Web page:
No matter how much experts argued that a manned flight to the neighboring planets in the near future is hardly possible, we still find it difficult to give up the dream of space exploration. Recently, the site BuildTheEnterprise dedicated to the creation of the ship "Enterprise" from the popular TV series "Star Trek" on the basis of existing technologies has emerged.
An engineer who preferred to stay anonymous believes that the current level of science and technology development allows to construct a design quite similar to that of the "Enterprise NX-01" - the famous spaceship from the TV series "Star Trek", equipped with ion engines and nuclear reactor capacity of 1.5 gigawatts.
According to his calculations, such a spacecraft is capable of reaching Mars in three months. However, the gigantic ship nearly a kilometer long will have to be assembled in the Earth orbit.
It is realistic to create artificial gravity on board the ship. The ship in the sci-fi movie had a master drive with a double hull, whose inner hull floated on a magnetic cushion and spun on its axis, creating gravity similar to that of the Earth in the outer regions of the disk.
The theory is very simple, but is its practical implementation realistic? Journalists asked experts from NASA for comments. The answers were not simple.
"It is a cool idea, but not very practical one, too optimistic in assessing the developments in the near future," said John Elliott, head of the department of engineering systems of NASA Outer Planet Flagship Mission designed to send aircraft to the satellites of Saturn and Jupiter. "But if it makes people think in unconventional ways and offer original solutions, it is not so bad."
If we consider the project in detail, the problems, according to Elliott, begin with a nuclear reactor. "Reactors are scalable to much higher capacities, but screening from the system of radiation and heat (in space) would be quite a challenge," he said.
Indeed, nearly all projects with the ship's nuclear reactor require placement of on-board nuclear power plant in an isolated compartment that should be located as far from the living compartment as possible. As a rule, fuel for ion engines for extra protection is placed between the reactor and the living compartment.
The second problem is related to the ion engines. Even today, they are capable of revving the ship up to 320,000 kilometers per hour. Unfortunately, these engines are weak (50-100 MHz), which makes the process of acceleration too long. Therefore, a three-month flight to Mars would require a large number of engines equipped with a complex power system.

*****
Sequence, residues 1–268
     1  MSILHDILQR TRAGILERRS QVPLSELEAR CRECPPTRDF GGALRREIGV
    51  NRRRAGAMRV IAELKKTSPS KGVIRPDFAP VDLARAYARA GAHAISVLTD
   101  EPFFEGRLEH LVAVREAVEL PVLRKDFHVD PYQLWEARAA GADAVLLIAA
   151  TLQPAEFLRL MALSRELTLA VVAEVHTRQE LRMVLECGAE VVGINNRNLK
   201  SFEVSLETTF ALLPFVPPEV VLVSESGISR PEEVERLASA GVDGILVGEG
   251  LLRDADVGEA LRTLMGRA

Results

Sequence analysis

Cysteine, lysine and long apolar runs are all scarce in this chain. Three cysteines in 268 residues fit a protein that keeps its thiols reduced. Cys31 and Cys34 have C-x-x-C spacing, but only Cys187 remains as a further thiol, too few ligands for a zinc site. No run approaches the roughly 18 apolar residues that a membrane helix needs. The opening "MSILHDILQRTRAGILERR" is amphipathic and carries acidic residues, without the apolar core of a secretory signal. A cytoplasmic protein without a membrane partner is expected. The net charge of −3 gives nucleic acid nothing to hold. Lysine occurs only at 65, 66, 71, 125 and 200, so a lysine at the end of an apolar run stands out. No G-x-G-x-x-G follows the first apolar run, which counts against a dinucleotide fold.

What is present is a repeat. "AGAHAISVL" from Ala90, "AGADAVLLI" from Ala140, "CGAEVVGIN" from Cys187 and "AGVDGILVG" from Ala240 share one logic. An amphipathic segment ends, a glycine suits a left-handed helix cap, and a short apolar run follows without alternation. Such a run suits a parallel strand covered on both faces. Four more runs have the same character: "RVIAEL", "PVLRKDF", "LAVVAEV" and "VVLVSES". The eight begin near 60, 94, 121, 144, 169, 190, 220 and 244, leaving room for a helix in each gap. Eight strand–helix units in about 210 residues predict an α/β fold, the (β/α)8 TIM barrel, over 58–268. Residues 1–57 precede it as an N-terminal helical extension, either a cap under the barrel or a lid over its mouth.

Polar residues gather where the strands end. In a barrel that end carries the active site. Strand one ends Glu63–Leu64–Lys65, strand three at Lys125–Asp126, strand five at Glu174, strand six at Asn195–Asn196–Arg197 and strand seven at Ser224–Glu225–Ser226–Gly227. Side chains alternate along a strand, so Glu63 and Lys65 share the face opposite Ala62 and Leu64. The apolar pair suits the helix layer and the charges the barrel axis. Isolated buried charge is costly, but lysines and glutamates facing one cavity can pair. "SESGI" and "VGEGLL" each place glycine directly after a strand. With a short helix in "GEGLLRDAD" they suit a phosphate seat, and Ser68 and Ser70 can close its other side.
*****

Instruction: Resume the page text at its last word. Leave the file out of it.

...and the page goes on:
Incidentally, NASA is developing "Prometheus" project aimed at building a ship with ion engines that receives power from a nuclear reactor. However, it had to support only 250 kilowatts of power.
Gravity is not that easy to maintain either. According to the staff at Stanford University (USA), Nicholas Lee engaged in the development of satellite systems, centrifugal rotation of one part of the ship will move it to the straight path. "It is the same as taking an external hard drive and waving it in the air while it is actively working," he explained. However, the authors of the project BuildTheEnterprise see the solution to the problem in the installation of a counterweight disk with similar rotation parameters, but with the opposite vector to balance the curvature of the trajectory. Maybe so, but in this case the structure becomes very complicated.
Finally, a complex form characteristic, for example, for the ISS, is not suitable for large ships intended for heavy movement. The best option for them, experts say, is a sphere or a set of functional modules in the form of spheres. Otherwise, the mass of the apparatus is too large.
In addition, the construction of an analog of the "Enterprise" in the Earth orbit, according to scientists' calculations, will require 650 flights of the Space Launch System currently available to NASA. It is not capable of placing more than 130 tons of cargo in orbit at a time.
Still, most experts recognize that such ideas, even though they cannot be implemented now, often lead to valuable innovations in other areas.
There is a Soviet anecdote: "During a job interview an experienced accountant was asked: what would be two plus two? The answer was: it depends how much you need it to be".